Fixing the Budget. Are we looking at the problem the right way?

Whenever we read articles on reducing the government’s budget deficit the underlying assumption is invariably that it needs to spend less and obtain more taxation revenue. This approach is known as economic austerity. We all know from our personal experience that if we have a debt problem we have to spend less and/or earn more to get out of trouble. So that must work. Or must it? All politicians in all parties need to get this one right if nothing else. Any government’s spending and taxation policy impacts just about everything else in its ‘to do’ list.

We saw in the last Parliament that the Coalition ‘reluctantly’ raised VAT to 20% to increase taxation revenues. All spending plans were subject to extreme scrutiny. Various bodies in the Treasury, or the Office of Budget Responsibility had previously been at work and had produced figures to show the extent to which the deficit would shrink over the course of several years. Usually just before the next election, hey presto! We’d have that surplus we were always promised.

It never does work. After a couple of years we see articles and more articles in the press saying that the Chancellor has been ‘blown off course’ by this or that event, and the story is usually that whereas government spending has been kept to plan the taxation receipts have been disappointing and consequently the promised date of a budget surplus is further away than was first predicted. There are lots of articles along these lines for anyone who cares to search them out online. There are never any at all, as far as I know, saying that the situation has turned around better than expected.

Does anyone really believe that it will be any different this time and the OBR will get it right by 2020? 

So, what is going wrong and what is the right way to look at the problem? The first step is for us all to stop thinking that what works for our personal finances is going to work for government. Our spending and our incomes are very small compared to the size of the total economy. They can be treated as independent. Not so for government. In all modern economies money is a fiat of governments. It is nothing more than their IOUs which they can create at will by spending into their economies. When they re-acquire them in taxation revenue they tear them up, either physically or digitally, just like a theatre might tear up a ticket it had sold when we present it on entry.

Money flows from government out into the economy and then back again rather like electrons in an electrical circuit. The more electrons we push into the circuit at one terminal (spending) the more electrons come back at the other terminal (taxation revenue). If there are less coming back than are going in, it must follow that they are being stored (non-government savings) somewhere. That is what capacitors do. They store electrical current and then later discharge it. They are analogous to our piggy banks or savings accounts. A really big capacitor might be analogous to the savings account held by the central bank of a large net exporting nation.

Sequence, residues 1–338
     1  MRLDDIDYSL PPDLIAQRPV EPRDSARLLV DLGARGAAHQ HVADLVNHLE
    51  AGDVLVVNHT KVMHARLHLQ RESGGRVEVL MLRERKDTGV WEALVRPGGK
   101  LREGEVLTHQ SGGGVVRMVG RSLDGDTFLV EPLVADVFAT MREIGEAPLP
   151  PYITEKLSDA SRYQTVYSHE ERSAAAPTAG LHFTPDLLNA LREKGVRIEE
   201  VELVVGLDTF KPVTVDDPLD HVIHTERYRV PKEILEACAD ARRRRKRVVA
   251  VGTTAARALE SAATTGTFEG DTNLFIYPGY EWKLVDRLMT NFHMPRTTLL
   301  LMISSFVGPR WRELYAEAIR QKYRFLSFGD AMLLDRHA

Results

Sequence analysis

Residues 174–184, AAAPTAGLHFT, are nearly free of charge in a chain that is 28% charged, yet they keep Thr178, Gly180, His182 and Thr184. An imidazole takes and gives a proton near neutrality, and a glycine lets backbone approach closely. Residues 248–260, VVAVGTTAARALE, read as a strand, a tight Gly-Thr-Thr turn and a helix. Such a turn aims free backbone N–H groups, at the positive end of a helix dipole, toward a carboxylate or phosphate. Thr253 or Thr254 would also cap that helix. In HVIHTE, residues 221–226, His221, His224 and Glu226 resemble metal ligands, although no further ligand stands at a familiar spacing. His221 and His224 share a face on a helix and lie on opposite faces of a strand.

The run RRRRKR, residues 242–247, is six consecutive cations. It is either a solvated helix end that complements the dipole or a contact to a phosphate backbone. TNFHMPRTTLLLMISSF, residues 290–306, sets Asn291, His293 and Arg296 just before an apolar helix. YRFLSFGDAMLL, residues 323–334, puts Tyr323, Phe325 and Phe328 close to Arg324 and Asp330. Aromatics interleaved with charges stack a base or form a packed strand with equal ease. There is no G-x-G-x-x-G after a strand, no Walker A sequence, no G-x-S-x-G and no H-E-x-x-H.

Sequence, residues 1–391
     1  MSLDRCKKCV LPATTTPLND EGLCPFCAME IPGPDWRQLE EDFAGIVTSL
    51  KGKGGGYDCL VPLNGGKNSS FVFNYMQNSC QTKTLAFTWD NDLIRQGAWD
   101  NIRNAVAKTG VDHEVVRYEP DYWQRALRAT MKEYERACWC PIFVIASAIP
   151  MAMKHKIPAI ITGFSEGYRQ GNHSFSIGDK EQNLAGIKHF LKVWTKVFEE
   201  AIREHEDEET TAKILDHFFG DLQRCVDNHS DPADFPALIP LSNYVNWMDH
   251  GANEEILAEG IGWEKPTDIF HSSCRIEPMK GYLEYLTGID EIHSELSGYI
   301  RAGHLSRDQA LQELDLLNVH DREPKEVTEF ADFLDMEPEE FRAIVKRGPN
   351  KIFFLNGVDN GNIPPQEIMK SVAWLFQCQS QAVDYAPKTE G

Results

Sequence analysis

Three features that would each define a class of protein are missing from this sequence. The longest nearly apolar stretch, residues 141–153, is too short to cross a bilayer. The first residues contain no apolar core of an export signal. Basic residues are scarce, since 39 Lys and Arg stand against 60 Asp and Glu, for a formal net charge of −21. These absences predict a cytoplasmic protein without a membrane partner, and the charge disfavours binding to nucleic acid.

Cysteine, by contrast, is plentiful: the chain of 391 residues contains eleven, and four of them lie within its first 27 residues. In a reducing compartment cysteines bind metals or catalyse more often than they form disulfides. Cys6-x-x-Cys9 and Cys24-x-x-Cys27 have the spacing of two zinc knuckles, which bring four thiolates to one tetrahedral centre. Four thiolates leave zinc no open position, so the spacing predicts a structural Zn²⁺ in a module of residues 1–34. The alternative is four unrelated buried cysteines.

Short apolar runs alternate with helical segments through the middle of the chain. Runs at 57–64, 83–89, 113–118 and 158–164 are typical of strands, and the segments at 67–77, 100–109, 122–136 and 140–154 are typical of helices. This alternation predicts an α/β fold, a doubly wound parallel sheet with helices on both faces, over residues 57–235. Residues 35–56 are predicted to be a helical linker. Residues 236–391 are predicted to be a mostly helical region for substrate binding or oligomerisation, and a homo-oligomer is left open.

So does it make any sense to expect that our deficit in electrons would be much different if we simply pushed less in? We’d almost certainly get proportionately less out too. The ‘deficit’ might even worsen. With any electrical circuit we can notice that it gets hotter according to the current flow and there is a parallel for us there in our economic thinking. Getting hotter might be a sign that inflation is likely to be the main issue and we should reduce the flow a little. We do this not because we are worried that we are running short of electrons, sorry pounds, but we do worry that those pounds might be losing too much value. On the other hand if the system is running too cold we increase the money flow to warm things up a little and so increase business activity and reduce unemployment.

This is really nothing new. Keynes explained it all very well 70 years ago. If we want to really fix our economy it is high time the economists at the OBR dusted off their old Keynesian textbooks and re-read them in earnest once again.

* Peter Martin is not a LibDem party member but has voted LibDem in previous elections.

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  • The conclusion from this argument is that you can always improve public finances by borrowing and spending more. How, then, is it possible that governments ever get into debt crises?

  • The assumption that it doesn’t matter how much the government spends because eventually it will all come back as taxes ignores the issue of imports. Some of the purchasing power pumped into the economy goes overseas. In other words to use the metaphor of the original article it is possible to lose electrons from the UK system.

  • Oh, and how close is this to ‘supply sider’ theory that says if you borrow to cut taxes, that will pay for itself in the long run? Didn’t Reagan or Bush Snr create a massive deficit doing that, that Clinton had to clean up?

    It seems to be essentially the same idea.

  • Analogies are useful for explaining concepts by comparing them to other things we already understand but they are a useless basis for reasoning, when you find yourself saying things like ” With any electrical circuit we can notice that it gets hotter according to the current flow and there is a parallel for us there in our economic thinking. Getting hotter might be a sign that inflation is likely to be the main issue and we should reduce the flow a little” you have taken your analogy too far.

    The use of very poor analogy (e.g. the Tories’ favoured household budget/credit car analogies) has been deeply harmful to public discourse about the economy in recent years.

  • Thomas Shakespeare 19th Feb '16 - 4:31pm

    My view:
    Yes, we should tax more. Yes, austerity is necessary, but not as much or fast as the Chancellor suggests. Keeping public spending as low as it will be 2018/19 isn’t sustainable for public services, e.g. NHS, education. I think the cuts up to 2015 were necessary, but they should have been supplemented with increased tax. Then we wouldn’t have a deficit now, and we could be more selective about what we cut.